• Step 1: Look for air leaks - Typically, you’re more likely to find air leaks or draft at the meeting point of walls and ceilings or along your baseboards and flooring edges.
    • Check these areas for drafts: 
      • Switches, plumbing, and electrical outlets: Check to make sure they are flush against the wall.

      • Basement and attic: If these areas are colder than the rest of your home, drafts are a likely culprit.

      • Fireplace: Is the area surrounding your fireplace cold? Warm air might be getting trapped by the chimney and whisked away outside.

      • Lighting: Even the smallest hole can contribute to an air leak.

      • Windows and doors: Check for warping and lack of weatherstripping.

  • Step 2: Seal air leak

    • Plug and seal any drafts: Use the appropriate material to seal up your home. For example, caulking can be used to seal air leaks for plumbing fixtures wall gaps. Weatherstripping should be added to parts of your home that move, such as windows and doors.

    • Pay attention to repair any holes and damage to your foundation or siding.

Check ventilation

The amount of ventilation in your home could be outdated. For example, if you have an older home, the builder likely installed the amount of insulation required at the time of construction. However, insulation requirements may have changed as building science has been improved. You may find that you have inadequate or missing insulation in some areas of your home.

  • Check the air supply of your HVAC system to ensure your heater isn’t crowded
  • Look for soot or visible smoke for evidence of poor drafting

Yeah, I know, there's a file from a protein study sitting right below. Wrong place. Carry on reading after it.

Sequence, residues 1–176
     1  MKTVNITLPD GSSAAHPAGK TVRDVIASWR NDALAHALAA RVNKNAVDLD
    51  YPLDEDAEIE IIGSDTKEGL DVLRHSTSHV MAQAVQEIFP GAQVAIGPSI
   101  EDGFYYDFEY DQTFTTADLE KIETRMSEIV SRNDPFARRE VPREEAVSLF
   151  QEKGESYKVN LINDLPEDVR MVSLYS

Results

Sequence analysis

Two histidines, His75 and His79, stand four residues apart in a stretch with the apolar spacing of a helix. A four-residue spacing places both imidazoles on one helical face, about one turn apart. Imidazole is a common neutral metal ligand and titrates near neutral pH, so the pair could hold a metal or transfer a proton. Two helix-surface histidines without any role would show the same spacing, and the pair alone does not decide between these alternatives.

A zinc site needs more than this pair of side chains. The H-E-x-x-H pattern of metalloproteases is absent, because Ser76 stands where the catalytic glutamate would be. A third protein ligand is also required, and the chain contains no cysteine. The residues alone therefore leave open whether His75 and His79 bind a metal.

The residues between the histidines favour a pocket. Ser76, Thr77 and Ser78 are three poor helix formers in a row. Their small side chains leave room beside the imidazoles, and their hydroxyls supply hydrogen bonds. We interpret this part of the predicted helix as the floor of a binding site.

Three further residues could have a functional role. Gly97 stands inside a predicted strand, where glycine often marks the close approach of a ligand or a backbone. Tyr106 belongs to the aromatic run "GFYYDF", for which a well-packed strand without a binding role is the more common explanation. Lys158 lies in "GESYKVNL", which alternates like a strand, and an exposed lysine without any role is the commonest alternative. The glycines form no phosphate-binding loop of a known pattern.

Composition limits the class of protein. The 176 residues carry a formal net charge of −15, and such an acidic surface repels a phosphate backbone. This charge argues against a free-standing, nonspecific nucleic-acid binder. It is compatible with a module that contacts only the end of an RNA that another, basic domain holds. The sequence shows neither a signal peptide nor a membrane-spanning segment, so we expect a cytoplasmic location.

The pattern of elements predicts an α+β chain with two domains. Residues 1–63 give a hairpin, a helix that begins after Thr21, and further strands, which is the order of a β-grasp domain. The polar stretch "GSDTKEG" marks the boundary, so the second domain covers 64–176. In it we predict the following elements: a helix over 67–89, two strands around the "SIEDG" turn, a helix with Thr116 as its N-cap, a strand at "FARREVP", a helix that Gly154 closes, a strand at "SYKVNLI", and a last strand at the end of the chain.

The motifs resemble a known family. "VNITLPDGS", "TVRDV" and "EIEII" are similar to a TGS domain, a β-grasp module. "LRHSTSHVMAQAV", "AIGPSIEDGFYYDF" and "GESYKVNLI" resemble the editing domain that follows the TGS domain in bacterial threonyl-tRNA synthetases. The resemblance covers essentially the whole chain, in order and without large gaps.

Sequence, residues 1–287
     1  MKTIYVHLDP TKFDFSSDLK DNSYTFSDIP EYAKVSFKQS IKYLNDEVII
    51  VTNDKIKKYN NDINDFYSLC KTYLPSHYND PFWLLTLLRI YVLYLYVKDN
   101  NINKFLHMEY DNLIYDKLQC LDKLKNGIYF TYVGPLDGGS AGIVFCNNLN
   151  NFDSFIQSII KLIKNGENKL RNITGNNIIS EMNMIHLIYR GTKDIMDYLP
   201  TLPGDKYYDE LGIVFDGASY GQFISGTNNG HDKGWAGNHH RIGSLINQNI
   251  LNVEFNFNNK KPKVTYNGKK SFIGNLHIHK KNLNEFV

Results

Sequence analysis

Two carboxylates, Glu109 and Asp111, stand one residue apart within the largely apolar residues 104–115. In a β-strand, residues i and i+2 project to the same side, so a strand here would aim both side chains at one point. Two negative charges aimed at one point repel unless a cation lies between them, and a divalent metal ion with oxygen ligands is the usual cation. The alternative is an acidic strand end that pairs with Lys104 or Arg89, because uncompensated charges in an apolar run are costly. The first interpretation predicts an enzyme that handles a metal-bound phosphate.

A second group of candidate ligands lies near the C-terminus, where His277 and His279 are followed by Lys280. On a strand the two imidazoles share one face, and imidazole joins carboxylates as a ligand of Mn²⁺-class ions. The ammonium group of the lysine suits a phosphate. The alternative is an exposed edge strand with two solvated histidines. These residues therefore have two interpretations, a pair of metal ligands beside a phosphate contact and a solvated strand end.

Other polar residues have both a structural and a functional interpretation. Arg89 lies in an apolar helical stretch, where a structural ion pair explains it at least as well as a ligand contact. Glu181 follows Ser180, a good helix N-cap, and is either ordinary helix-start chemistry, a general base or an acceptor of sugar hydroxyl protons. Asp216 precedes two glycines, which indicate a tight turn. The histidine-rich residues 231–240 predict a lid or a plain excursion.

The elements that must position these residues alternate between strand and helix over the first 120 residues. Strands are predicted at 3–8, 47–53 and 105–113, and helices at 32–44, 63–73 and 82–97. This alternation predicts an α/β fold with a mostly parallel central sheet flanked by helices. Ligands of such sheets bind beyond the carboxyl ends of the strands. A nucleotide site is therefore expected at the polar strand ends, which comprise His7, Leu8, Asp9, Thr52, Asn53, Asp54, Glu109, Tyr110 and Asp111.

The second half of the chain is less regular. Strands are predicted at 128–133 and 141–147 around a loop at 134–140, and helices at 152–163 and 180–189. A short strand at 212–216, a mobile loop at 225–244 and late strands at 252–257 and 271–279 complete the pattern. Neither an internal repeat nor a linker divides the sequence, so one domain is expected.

• Consider ceiling and wall insulation
  • Check your attic and attic hatch
    • Make sure the hatch has weather stripping
    • Seal gaps in your attic where warm air is escaping
    • Vapor barrier under attic installation
  • Check to see that ventilation isn't being blocked by insulation

Investigate your HVAC system

Your HVAC system should be well-maintained and within its manufacturer’s operational lifespan. If it’s not, you may want to consider replacing your HVAC system.

  • Check your HVAC system at least once a year.
    • Note: HVAC systems typically have a lifespan of 10-15 years. If your system is more than 15 years old, it might be time for a total HVAC replacement.
    • Is there dust, soot, or off smells? Constant fan noises? These are all signs of an inefficient HVAC system.
  • Check your ductwork for dirt streaks near the seams which could suggest an air leak.

Lights

Lighting accounts for around 10% of your utility bill so consider switching to energy-efficient bulbs if you have older lightbulbs in your home.

  • Find and replace regular bulbs for energy-efficient incandescents, LEDs, or CFLs
  • Consider adding timers or dimmers to control your light usage.

Appliances

Besides using your appliances during off-peak hours, the type and age of your appliances also matter when it comes to energy-efficiency. Here are a few considerations to make while checking your appliances and electrical devices: